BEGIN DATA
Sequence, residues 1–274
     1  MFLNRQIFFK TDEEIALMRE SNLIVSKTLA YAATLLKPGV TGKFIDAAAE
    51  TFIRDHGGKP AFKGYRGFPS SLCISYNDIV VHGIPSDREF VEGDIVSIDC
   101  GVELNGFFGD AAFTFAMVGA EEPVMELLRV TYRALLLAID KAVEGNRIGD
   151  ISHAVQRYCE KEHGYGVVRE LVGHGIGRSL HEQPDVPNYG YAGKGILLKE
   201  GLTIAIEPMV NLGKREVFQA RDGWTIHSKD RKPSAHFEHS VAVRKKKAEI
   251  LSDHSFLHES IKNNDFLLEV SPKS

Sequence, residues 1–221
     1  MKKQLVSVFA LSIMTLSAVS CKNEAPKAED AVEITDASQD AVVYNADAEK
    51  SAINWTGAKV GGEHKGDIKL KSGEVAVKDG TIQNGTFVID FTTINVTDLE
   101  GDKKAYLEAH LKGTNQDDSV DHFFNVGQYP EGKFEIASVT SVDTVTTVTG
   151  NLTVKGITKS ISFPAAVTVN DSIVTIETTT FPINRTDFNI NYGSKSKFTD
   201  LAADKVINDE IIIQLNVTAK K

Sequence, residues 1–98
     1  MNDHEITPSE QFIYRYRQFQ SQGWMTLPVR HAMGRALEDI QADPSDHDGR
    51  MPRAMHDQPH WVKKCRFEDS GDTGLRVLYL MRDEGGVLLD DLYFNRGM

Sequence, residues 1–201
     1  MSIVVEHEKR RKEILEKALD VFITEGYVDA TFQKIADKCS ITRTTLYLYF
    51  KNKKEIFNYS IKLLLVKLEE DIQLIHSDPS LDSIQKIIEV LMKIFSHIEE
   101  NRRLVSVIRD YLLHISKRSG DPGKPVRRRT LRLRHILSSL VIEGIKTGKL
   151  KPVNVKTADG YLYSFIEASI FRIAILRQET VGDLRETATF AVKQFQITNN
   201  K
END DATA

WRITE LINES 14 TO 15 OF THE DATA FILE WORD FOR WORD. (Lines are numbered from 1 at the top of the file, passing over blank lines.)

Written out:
Sequence, residues 1–98
     1  MNDHEITPSE QFIYRYRQFQ SQGWMTLPVR HAMGRALEDI QADPSDHDGR